The question of ‘Who Runs Christchurch?’ is increasingly being asked. Is it the residents, or bureaucrats, central government, local business, insurance companies, or elected councilors? Tomorrow could become a landmark in the struggle for the ‘The Peoples Republic of Christchurch’, with a protest at noon outside the Christchurch City Council. Writing in the Press newspaper, Will Harvie has issued a clarion call for a new political movement – see: Stand up People's Republic of Christchurch. Harvie details how ‘Voting rights of Cantabrians have been trampled in recent years’, and he argues that residents should now embrace an old insult by Auckland businessman Douglas Myers, who labelled the city ‘The People's Republic of Christchurch’. Harvie speaks of the need for locals to reassert their independence from central government’s grand schemes ‘upholding democratic values in Christchurch’. Chris Trotter also deals with the problems of democracy and governance in Christchurch in his Press column, Christchurch City Council Needs Choristers - Not Soloists. Trotter says that it’s not ‘the people’, who run Christchurch but instead ‘Administrative Authoritarianism’ is at ‘the heart of Christchurch’s local government crisis’.
The political situation in Christchurch has been covered very well by Sam Sachdeva, a journalist whose work is becoming a must-read – see, for example, his article today on public sector CEO salaries: Marryatt's pay exceeded the norm. But his overview of the problems with Christchurch’s current political management is particularly illuminating: Fuse lit under 'Bob and Tony show'. The latest issues to arise are over the legality and appointment of a Crown Observer to watch over the Council – see: RadioLive’s Chch Crown observer role ripples with anger, and differences of opinion over whether the ‘red zone’ should eventually be turned into a public park or rebuilt.
One of the main reasons that New Zealand still has SOE power companies (and broadcasters for that matter) is the handbrake applied by Maori groups using the Treaty of Waitangi. By the time the Fourth Labour Government had sorted out the Treaty obligations as required by the courts, the political tide had well and truly turned against the sales. The National Party, still swimming against that tide, must be aware of the potential for similar challenges to derail its latest partial privatisation plans.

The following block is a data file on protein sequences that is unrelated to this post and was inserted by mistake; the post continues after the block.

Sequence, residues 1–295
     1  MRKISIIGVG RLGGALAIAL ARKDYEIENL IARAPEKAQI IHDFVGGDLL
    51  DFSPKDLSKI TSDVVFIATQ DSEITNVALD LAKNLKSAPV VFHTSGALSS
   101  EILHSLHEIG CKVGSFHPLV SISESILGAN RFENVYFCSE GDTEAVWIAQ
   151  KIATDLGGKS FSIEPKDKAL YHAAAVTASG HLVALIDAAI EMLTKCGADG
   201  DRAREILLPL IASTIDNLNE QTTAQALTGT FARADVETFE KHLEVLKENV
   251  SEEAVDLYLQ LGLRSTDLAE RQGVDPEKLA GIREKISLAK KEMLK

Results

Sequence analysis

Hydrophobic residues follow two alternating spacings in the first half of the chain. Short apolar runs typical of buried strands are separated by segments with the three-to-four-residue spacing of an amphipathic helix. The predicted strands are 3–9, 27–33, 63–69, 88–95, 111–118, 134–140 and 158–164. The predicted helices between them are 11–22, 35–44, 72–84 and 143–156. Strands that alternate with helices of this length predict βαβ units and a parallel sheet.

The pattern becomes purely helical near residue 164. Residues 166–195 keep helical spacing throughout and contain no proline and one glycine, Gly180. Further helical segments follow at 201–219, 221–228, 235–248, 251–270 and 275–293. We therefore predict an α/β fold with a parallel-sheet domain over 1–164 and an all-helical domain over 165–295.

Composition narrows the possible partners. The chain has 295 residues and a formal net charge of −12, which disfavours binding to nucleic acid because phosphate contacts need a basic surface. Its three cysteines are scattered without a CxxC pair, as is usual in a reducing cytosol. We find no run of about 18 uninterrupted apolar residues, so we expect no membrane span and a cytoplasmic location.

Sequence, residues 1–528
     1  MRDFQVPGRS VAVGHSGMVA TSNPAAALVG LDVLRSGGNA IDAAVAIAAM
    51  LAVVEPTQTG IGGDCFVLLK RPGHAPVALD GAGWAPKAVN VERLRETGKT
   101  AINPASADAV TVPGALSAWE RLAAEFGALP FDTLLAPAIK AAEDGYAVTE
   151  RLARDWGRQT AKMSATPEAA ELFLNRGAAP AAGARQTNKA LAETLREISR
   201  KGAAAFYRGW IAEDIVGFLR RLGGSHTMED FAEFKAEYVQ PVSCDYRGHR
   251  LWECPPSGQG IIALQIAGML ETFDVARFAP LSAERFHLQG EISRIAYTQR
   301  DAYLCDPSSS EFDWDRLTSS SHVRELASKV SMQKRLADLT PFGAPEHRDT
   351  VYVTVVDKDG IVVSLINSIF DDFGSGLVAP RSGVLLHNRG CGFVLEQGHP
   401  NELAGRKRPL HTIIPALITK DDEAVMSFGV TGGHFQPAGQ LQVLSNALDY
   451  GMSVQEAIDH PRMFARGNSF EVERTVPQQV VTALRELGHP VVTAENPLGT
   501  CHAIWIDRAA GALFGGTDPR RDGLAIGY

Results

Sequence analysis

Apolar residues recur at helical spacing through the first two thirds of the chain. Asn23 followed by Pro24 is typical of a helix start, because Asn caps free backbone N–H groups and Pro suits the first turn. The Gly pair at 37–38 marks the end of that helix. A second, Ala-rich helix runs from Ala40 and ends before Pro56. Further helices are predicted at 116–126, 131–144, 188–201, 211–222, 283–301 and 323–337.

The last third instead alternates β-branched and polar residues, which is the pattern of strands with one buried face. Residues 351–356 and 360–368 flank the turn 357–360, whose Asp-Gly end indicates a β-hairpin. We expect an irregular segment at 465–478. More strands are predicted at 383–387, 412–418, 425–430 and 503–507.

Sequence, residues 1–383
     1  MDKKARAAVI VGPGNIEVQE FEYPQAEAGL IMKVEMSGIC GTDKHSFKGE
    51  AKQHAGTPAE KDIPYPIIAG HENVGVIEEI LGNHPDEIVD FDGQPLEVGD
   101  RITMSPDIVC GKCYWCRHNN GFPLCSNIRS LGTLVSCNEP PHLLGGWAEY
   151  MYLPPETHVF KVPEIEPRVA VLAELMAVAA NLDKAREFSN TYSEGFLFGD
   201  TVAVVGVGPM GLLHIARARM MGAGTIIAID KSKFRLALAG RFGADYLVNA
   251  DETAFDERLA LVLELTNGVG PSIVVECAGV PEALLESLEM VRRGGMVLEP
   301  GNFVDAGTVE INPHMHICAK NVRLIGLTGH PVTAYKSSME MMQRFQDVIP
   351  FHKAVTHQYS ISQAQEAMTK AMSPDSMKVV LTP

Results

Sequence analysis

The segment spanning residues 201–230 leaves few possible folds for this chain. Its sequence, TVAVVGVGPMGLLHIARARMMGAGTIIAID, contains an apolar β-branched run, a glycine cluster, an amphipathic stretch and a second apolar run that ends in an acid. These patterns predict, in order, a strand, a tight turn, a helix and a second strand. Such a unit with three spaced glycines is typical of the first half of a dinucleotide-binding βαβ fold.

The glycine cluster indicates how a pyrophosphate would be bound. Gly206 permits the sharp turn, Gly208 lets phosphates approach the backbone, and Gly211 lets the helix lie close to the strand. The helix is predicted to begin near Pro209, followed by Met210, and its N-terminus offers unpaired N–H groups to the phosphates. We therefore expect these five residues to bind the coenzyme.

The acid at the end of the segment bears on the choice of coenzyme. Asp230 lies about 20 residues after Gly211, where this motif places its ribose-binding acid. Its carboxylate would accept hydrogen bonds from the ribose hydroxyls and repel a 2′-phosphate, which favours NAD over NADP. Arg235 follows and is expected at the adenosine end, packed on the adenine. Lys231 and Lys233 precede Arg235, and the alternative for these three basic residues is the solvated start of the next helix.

In the last parliamentary term the Maori Party would have played an invaluable role in smoothing the way, particularly with iwi corporate interests. As Danya Levy reports, however, National’s coalition partner has now attacked it for planning to leave out of the sale legislation any requirement for the Crown to act in a manner consistent with the principles of the Treaty of Waitangi. This could, of course, be seen as leverage to try and get iwi buyers preferential treatment, something the Maori Party advocated before the election, despite opposing the policy in general – see Levy’s Treaty sellout claims over asset sales.
Hone Harawira has taken it a step further claiming that it could stop the sales altogether. As Claire Trevett reports, Harawira sees this issue as a major impediment in the Government’s privatisation plans: ‘The Treaty is stopping the Government from flogging off the nations assets, so they're going to throw the Treaty out’ – see: Treaty clause complicates asset sales and listen to Harawira on RNZ’s Morning Report here.
Iwi enthusiasm to purchase state assets may be waning in any case according to Morgan Godfery. He is particularly damning in the comments section of his post about Wira Gardner’s role in the government’s consultation process. For a different perspective on iwi protection of assets, see Cathy Odgers’ blogpost Ngai Tahu Flog Off More Land Than Westpac To Foreigners, which gives examples of iwi selling large chunks of land to foreign investors.
Elsewhere in politics today, Colin James looks at a range of sleeper issues and decisions that may have an impact on our constitutional arrangements, including legislation and reviews agreed to by National as part of its coalition deals with the Maori Party and Act – see: It's the constitution, stupid. Not so ho hum. Similarly, Karl du Fresne’s Slipping the government bonds to touch the face of Mammon, argues that ‘If the National Party has an Achilles heel that makes it vulnerable to attack, it's a fondness for cosying up to big money.’
The so-called Teapot Tapes are analysed in the Political Scientist blogpost, Boil; Pour; Stew – Drink?. The argument is made that the conversation is a revealing account of how John Key sought to dominate and manipulate his political rival John Banks.
Finally, the Reserve Bank is looking for a replacement for governor Alan Bollard who has confirmed his retirement. In his article, Strong candidates to succeed Bollard, business journalist James Weir details the likely candidates, and explains why this is a big issue: ‘Arguably the most powerful post in the New Zealand economy, the governor has sole responsibility for setting interest rates. The central bank also plays a much bigger role in the supervision of the banking sector than in the 1990s when its key role was taming inflation’. [Continue reading below for a full list of the highlights of NZ Politics Daily]